As it turns out, my fears on that cold November day were unfounded. I have come to discover that there are a lot of people interested in writing in my area. The love and support we give each other, speaks volumes about the kind of people that they are, regardless of their sex.
As for the NaNaWriMo challenge, it was won by most, and participants have since then written more words than we care to admit to counting.
 It is possible that amongst us lurks a future winner of the prize, and I hope to be there to witness the day when someone hands her the busty Bessie.

Tuesday, June 21, 2011

Ipswich Arts Festival 2011

Some of the shortlisted books for the New Angle Prize
The Ipswich Arts Festival is with us again from the 24th of June to the 10th of July 2011.
Literature is always featured as part of the event, and this year promises interesting treats for aspiring authors.
A seminar on how to get published by Juliet Pickering, includes information on how to get an agent, writing a compelling synopsis and cover letter, and if you had time to book before the 7th of June, a one-one 20-minute feedback session on your work.
New Angle Prize for Literature celebrates writing inspired by East Anglia. There will be a showcase of the 2011 shortlist, featuring readings and conversations with the shortlisted authors who are as follows: Aftermath by Ronald Blythe, The Last Weekend by Blake Morrison, Death Watch by Jim Kelly, The Wake by Jeremy Page, The Aldeburgh Scallop by Maggi Hambling and A Flora of Suffolk by M Sanford & R J Fisk.

The event will not be short of laughs with Jo Brand the British comedian, chatting about her memoir Can't Stand up For Sitting Down.

Simon Armitage will talk about Seeing Stars and there is also a chance to lunch with Esther Freud as she talks about her new novel Lucky Break.
All literature dates and details are listed below but please visit the website for further information on the event.
Event: Literary Lunch with Esther Freud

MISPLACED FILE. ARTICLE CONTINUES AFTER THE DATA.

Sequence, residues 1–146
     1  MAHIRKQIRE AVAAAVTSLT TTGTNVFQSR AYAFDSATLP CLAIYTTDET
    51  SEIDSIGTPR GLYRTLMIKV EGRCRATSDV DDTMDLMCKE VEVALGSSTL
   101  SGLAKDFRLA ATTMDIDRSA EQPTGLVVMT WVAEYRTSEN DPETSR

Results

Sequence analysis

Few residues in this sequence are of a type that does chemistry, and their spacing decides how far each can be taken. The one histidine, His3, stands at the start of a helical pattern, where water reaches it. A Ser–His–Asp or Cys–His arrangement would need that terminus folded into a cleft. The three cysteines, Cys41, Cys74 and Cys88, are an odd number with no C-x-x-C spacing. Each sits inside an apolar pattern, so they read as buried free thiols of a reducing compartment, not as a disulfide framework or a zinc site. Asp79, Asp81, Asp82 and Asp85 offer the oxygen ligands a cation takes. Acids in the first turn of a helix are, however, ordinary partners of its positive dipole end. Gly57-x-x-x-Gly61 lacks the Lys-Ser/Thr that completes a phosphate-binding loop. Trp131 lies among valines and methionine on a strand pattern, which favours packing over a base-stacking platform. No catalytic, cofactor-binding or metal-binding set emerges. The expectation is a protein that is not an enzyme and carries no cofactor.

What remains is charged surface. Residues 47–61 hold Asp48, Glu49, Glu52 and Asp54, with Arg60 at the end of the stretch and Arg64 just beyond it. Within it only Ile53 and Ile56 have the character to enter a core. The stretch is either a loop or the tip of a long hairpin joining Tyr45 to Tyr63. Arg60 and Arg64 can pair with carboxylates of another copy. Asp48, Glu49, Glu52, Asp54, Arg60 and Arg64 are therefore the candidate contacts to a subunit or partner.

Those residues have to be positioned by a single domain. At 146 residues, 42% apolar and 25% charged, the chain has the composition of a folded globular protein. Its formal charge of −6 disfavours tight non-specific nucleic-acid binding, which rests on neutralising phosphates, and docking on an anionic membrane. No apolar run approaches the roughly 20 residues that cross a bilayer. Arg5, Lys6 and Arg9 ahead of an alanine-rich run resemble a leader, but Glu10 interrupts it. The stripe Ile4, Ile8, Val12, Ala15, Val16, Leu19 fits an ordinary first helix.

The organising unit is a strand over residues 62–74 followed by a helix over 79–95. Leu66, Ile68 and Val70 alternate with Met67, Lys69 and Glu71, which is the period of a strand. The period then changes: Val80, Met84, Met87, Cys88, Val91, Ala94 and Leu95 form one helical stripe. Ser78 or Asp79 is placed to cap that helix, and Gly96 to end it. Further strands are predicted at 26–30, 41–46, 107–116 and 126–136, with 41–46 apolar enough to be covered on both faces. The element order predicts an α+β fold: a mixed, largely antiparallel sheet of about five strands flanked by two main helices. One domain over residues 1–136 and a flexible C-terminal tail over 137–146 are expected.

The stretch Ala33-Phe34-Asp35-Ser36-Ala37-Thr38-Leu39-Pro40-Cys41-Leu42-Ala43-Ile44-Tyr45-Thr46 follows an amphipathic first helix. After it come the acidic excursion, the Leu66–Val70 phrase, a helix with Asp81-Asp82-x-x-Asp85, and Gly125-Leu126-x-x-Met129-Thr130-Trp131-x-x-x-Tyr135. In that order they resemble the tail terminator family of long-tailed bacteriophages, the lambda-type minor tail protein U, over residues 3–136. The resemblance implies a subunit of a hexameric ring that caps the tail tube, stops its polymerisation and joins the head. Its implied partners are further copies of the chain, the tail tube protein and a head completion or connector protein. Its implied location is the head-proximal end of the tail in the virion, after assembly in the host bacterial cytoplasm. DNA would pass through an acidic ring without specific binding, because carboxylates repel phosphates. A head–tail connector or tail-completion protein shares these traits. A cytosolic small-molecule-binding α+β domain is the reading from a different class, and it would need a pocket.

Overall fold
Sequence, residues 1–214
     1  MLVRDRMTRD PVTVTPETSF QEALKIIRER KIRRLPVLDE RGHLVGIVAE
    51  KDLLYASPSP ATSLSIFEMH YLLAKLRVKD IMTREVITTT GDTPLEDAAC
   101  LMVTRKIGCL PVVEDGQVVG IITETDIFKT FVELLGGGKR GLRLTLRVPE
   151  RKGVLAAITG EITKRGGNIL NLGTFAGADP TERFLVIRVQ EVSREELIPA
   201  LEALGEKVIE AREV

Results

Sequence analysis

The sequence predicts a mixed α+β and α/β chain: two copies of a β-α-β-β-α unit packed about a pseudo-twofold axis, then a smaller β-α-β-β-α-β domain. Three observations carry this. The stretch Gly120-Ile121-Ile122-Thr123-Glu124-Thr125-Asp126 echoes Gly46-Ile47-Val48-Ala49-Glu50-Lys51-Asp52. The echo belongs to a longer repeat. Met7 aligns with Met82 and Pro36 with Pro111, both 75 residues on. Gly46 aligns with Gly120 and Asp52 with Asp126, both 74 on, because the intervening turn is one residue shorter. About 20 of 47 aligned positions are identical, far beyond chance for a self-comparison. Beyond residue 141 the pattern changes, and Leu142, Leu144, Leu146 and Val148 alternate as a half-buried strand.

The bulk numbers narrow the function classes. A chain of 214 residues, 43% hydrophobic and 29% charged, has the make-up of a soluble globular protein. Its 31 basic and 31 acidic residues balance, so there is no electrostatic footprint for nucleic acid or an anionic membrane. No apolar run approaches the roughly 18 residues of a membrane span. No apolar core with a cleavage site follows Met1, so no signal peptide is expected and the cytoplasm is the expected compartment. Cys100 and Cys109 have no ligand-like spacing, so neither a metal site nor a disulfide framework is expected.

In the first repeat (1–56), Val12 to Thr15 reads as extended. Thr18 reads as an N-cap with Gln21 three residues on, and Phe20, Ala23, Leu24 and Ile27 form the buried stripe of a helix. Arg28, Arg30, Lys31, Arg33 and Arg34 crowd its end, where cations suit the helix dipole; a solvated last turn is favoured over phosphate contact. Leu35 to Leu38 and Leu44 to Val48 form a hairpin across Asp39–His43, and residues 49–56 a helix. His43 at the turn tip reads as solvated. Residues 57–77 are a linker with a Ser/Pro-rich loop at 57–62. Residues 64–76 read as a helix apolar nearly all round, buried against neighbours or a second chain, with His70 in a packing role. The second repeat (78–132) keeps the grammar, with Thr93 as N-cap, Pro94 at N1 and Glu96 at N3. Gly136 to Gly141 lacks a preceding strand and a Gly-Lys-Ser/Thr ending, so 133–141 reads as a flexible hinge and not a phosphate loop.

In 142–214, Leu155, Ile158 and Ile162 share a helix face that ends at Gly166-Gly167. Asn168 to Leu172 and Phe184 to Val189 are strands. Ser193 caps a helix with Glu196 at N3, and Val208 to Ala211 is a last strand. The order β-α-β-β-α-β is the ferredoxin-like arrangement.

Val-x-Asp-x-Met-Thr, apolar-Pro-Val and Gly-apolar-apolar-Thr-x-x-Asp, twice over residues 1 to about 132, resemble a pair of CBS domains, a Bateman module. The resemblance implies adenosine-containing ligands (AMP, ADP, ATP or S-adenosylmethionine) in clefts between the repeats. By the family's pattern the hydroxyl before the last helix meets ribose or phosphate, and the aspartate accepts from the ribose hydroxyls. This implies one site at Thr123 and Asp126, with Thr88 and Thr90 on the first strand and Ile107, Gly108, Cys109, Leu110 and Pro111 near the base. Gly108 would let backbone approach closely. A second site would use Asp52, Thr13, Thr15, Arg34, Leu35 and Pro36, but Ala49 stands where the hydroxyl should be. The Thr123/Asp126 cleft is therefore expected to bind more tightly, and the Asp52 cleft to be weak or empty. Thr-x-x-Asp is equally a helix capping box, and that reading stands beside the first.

When: 26th June 2011 at 11:45am
Where: Admiral’s House
Tickets £18 / £15 concessions
Booking: 01473 253992

Event: Comedian Jo Brand in conversation with Georgina Wroe
When: 29th June 2011 at 6:30pm
Where: Waterfront Gallery – University Campus Suffolk
Tickets:  £8/£6 concessions
Booking: Tickets available on website

Event: Writers Cafe
When: 4th July 2011 at 7:30pm Room 1, Arts Building, Campus North, University Campus Suffolk
Where: Room 1, Arts Building, Campus North, University Campus Suffolk
Tickets: Free

Event: New Angle Prize for Literature Shortlist showcase
When: 5th July 2011 at 7:00pm
Where: Ipswich Institute Reading Room
Tickets:  £5 (including a glass of wine)
Booking: 01473 253992

Event: Simon Armitage  - Seeing Stars
When: 7th July 2011 at 7:30pm
Where: Council Chamber Ipswich
Tickets: £8/£6 concessions
Booking: Tickets available on website

Event: How to get published with Juliet Pickering
When: 9th July 2011 Morning seminar 10.30am-12.30pm
Afternoon 2:00-5:00pm (one-to-one sessions, 20mins each)
Where: Admiral’s House
Tickets: Seminar and session: £30
Morning seminar only: £10
Booking: 01473 253992

Sunday, June 19, 2011

A Happy Future!

The Writebulb group is, I think I can safely say, getting stronger as each month passes. At the first meeting in January this year, we were all very excited at the prospect of providing writers with the opportunity to meet, exchange ideas and encourage others, but we had no idea whether it would survive for very long. Six months later and we're growing, developing into a group that we can all be very proud of.

At the last meeting I was feeling a bit under the weather due to some work done by a dentist (how can anyone ever be a dentist?) but even through a haze of medication I was impressed by how genuinely interested and supportive we each were in the work other members were undertaking.